British objections to the use of British-supplied weapons in Israel's latest military push against the Palestinians have focused new attention on the United States' reluctance to restrain Israel's use of the multi-billion-dollar, high-tech arms it sells to the Jewish state each year.
The US is embarrassed by the high profile given to some of its machinery in the occupied territories - particularly its F-16 fighter jets, in missile strikes against police stations and other public buildings, and its Apache attack helicopters, in Israel's controversial campaign to assassinate Palestinian militants.
But the Administration has refused to go public with its growing unease over the use of US weaponry, in what the UN Secretary-General, Kofi Annan, now calls an "all-out conventional war" on Palestinian civilians.
But last week Britain revealed that in 2000 it had extracted a written assurance from Israel that no military equipment originating from Britain would be used in the occupied territories. The revelation was sparked when a British diplomat stationed in the Middle East recognised an Israeli armoured personnel carrier as a modified Centurion tank, which Britain had supplied to Israel up until 1970.
Now Britain is demanding an explanation from the Israelis. Last year an unnamed US State Department spokesman told The Independent in London that at some point Washington would have to make a call on whether the Israelis were in breach of a stipulation in the Arms Export Control Act that weapons sold could be used only for "legitimate self-defence" - but yesterday a department spokeswoman would not tell the Herald if the issue had advanced.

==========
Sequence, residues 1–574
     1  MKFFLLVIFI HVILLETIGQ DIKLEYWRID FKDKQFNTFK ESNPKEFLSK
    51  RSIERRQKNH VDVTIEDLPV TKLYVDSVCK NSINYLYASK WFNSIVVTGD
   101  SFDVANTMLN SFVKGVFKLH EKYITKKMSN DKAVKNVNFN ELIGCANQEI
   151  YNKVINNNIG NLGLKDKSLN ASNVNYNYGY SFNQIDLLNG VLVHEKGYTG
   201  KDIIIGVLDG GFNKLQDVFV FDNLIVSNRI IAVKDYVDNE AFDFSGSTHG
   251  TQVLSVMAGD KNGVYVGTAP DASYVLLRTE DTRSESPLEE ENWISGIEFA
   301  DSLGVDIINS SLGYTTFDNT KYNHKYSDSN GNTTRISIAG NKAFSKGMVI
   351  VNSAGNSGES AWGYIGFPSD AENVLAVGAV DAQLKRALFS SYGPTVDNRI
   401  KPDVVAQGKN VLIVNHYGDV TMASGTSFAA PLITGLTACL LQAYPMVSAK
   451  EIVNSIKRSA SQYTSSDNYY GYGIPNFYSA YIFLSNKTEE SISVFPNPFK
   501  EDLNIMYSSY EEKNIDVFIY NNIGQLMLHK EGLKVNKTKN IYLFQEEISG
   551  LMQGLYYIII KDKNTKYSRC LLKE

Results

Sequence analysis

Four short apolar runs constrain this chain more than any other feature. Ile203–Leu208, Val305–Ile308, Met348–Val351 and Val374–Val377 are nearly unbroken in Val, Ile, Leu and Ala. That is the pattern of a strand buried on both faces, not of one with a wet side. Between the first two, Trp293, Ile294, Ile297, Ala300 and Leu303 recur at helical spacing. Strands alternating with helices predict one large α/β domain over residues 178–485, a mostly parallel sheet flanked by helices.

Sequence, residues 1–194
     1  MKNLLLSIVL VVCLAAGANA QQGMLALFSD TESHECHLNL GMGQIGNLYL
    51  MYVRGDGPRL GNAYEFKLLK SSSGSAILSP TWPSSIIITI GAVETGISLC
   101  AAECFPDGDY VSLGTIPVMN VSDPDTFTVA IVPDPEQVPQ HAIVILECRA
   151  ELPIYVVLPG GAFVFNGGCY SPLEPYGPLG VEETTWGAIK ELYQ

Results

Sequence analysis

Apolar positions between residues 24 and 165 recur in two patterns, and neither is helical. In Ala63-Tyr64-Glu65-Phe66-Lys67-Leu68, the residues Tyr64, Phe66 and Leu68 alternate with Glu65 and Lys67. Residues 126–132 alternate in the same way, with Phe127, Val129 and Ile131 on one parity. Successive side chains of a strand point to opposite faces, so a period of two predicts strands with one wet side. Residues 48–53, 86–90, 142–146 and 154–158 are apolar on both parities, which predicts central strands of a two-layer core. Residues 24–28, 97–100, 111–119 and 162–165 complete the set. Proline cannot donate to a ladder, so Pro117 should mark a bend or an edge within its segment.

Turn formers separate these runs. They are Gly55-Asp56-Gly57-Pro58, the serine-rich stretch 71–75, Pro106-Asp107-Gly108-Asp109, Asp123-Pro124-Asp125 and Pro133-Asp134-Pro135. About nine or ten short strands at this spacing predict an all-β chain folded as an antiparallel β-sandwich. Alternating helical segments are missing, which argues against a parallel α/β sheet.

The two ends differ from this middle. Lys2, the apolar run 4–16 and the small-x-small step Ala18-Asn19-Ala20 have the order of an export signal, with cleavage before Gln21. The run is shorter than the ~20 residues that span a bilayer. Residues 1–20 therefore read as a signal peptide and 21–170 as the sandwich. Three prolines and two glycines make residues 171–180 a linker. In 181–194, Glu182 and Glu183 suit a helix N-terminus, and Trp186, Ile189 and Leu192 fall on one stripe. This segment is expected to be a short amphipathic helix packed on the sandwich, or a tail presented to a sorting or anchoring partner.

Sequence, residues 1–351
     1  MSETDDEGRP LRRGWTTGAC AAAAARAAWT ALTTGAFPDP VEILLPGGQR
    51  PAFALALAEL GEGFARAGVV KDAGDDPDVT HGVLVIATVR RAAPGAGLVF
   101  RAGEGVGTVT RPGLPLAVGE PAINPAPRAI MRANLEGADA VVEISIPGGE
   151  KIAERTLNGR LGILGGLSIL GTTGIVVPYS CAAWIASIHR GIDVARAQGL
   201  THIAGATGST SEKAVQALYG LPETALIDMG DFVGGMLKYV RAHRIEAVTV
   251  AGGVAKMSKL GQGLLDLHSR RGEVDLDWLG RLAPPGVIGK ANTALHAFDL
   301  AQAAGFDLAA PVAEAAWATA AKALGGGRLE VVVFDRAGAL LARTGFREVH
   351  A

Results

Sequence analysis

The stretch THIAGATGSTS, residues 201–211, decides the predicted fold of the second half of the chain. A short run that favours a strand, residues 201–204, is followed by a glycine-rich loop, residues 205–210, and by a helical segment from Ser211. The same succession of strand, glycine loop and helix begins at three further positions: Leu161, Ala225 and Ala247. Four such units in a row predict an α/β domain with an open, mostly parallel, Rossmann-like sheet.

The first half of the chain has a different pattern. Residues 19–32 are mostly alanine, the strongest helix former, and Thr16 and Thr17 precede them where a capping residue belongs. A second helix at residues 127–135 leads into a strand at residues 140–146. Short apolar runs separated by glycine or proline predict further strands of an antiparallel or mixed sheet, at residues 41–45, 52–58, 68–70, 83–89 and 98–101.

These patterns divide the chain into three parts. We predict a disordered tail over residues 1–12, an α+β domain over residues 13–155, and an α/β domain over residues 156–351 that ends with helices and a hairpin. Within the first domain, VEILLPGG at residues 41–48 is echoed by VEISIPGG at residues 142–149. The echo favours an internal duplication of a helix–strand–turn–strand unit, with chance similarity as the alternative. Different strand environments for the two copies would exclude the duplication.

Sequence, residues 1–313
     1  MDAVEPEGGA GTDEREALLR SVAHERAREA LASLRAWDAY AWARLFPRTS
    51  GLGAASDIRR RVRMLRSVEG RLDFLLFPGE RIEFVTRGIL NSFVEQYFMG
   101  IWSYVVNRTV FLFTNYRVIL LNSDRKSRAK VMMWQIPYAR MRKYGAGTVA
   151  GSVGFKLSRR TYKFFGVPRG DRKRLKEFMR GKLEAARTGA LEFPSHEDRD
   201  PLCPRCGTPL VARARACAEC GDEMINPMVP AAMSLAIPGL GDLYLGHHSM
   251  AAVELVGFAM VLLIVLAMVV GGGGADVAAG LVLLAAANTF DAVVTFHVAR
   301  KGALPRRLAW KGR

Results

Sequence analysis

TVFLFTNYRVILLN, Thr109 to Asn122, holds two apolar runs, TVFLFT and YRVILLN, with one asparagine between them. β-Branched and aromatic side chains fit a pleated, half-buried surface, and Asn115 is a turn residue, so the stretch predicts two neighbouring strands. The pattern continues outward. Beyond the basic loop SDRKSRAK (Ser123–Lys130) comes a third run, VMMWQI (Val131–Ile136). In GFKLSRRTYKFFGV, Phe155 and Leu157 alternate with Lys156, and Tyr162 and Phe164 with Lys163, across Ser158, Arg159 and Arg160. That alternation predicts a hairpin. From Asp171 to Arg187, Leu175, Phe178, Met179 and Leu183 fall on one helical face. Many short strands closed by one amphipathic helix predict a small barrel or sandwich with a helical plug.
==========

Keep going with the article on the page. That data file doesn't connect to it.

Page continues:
Israel is one of the biggest buyers of US arms, and much of the trade is financed with the $US2 billion a year it gets from Washington in military aid. Its arsenal includes dozens of US helicopters (AH 64As, AH 1Fs, AH 1Gs); hundreds of tanks (M-60s) and armoured personnel carriers; and the biggest fleet of American fighter aircraft outside the US (F-15s, F-16s, F-4s and A-4s).
A US-based lobby group, the Palestinian Monitor, says the US should act against Israel because of its "consistent pattern of gross violations of internationally recognised human rights" and, in particular, killings carried out by its airborne assassination squads.
However, the argument that the US was refusing to put pressure on Israel over its treatment of Palestinians was laughed at by one of the US's top authorities on the Israeli military, Anthony Cordesman, of the Centre for Strategic and International Studies.
Told by the Herald about the assurance won from Israel by the British, he said: "Someone has to be joking. This kind of contract clause is a joke in the weapons trade. If you think you can tightly control weapons after you have sold them, then you're living in fantasy land ...
"People in this trade make a lot of promises for face-saving purposes. There are provisions in international law on not using weapons on civilians, but defining civilians in a low-level war like this one can be an academic exercise."
But on the ground, the Israeli choice of US weapons does make a difference. After the Israelis launched a US-built TOW missile in a helicopter attack on a Gaza police station last year, a staff member who survived confronted an American visitor. "This is what your country is doing," he said, holding up a part of the missile carrying the words "made in the USA".
He reportedly went on: "We hate the Israelis for this ... but we hate America more."
Copyright © 2002. The Sydney Morning Herald